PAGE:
Utah’s DUI statutes contain “actual physical control” language that can allow a prosecutor to charge you with DUI in Utah even if you are not driving.
It may seem counterintuitive, but you can be charged and convicted of DUI in Utah even if you have not been driving. Utah’s drunk driving (DUI) statute prohibits “driving” a vehicle while impaired or under the influence of alcohol or drugs, and also prohibits being in “actual physical control” of a vehicle when impaired. Under the legal definition of “actual physical control,” a prosecutor does not have to prove that you were driving the vehicle, or even that you were in the driver’s seat.
If you have been charged with DUI in Utah, having an experienced criminal attorney on your side can be critical to developing the best defense strategy. Based in Salt Lake City, criminal defense lawyer Stephen Howard offers DUI and criminal defense services to clients throughout Utah. Contact us today to arrange for an initial confidential consultation.
Actual Physical Control in Utah DUI Cases
Utah appellate courts have determined that an important legislature purpose in enacting DUI legislation is to prevent intoxicated persons from causing harm. Utah’s DUI statutes contain provisions that prohibit both “driving” and being in “actual physical control” of a vehicle while intoxicated.
Courts have interpreted this Utah DUI legislation as allowing a police officer to apprehend potential drunk drivers before they begin driving, or even before the key is placed in the vehicle ignition. The “actual physical control” provision of the statute also opens the door to potential prosecution for DUI in Utah for “sleeping it off” in a vehicle.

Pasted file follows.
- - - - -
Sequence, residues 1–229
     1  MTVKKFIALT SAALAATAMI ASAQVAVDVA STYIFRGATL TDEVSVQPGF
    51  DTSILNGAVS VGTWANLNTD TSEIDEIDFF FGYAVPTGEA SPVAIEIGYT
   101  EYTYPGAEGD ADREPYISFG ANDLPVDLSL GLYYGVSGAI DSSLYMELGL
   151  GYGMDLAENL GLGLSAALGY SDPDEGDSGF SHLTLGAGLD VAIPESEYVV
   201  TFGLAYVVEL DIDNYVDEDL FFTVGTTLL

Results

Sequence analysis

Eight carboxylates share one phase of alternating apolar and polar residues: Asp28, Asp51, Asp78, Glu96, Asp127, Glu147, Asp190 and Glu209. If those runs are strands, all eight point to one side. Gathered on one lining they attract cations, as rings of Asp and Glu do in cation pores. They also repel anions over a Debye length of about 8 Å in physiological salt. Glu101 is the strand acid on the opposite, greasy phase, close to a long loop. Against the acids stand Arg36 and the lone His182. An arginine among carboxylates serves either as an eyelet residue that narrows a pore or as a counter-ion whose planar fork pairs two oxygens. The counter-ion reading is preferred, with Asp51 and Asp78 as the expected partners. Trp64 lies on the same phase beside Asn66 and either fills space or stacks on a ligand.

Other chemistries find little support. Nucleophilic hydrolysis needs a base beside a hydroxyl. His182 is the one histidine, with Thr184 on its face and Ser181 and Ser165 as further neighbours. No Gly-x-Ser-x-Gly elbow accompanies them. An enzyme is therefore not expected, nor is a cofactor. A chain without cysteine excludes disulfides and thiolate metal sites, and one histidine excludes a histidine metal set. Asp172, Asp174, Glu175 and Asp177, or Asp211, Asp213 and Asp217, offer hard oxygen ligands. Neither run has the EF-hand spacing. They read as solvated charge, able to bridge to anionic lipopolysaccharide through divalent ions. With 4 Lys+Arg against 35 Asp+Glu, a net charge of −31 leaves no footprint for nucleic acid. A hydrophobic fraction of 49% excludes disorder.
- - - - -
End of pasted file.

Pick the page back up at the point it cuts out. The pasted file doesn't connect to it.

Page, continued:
Determining Actual Physical Control
Under one Utah Court of Appeals decision, evidence that a had “an apparent ability to start and move a vehicle” can be sufficient to establish actual physical control.” State v. Barnhart, 850 P.2d 473 (Utah Ct. App. 1993). Utah’s appellate courts have given a list of potential factors to consider, including the following:
- whether the person was sitting in the driver’s seat
- whether the person was sleeping or awake when observed
- the presence of any other people in the vehicle who could have driven
- whether the engine of the vehicle was started or running
- whether the keys to the vehicle were present or in the ignition
- apparent ability of the person to start and move the vehicle
- the location and position of the vehicle
- how the car got there
- who drove the vehicle to the place where it was found
In addition to the factors that have been recognized as relevant by the appellate courts, a jury can also consider any other relevant factors in determining whether a person was in actual physical control.
Whether the defendant is determined to have actually been driving the vehicle or only in actual physical control, the penalties for a DUI conviction can be the same – including jail time and substantial fines. Having the assistance of an experienced defense attorney is important.
Finding a Defense Attorney for DUI in Utah
If you are being accused or prosecuted for DUI or other criminal charges in Utah, an experienced criminal defense attorney can make all the difference. Based in Salt Lake City, criminal lawyer Stephen Howard has achieved not guilty verdicts and dismissals in a wide range of criminal cases, including DUI as well as some of the most serious felony charges on the books in Utah.
Contact Salt Lake City criminal defense attorney Stephen Howard to arrange for an initial confidential consultation.